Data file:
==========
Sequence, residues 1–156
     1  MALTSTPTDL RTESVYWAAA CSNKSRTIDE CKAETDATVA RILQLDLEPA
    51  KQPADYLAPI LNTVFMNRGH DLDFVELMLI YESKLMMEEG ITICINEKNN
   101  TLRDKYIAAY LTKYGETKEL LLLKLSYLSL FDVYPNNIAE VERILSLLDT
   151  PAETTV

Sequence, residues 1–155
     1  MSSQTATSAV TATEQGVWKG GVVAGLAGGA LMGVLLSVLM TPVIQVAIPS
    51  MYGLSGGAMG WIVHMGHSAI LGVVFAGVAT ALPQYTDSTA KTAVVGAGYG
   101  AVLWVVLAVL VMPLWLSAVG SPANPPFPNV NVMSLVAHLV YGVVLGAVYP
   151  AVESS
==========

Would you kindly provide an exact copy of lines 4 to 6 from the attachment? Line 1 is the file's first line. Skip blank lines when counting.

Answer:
   101  TLRDKYIAAY LTKYGETKEL LLLKLSYLSL FDVYPNNIAE VERILSLLDT
   151  PAETTV

Sequence, residues 1–155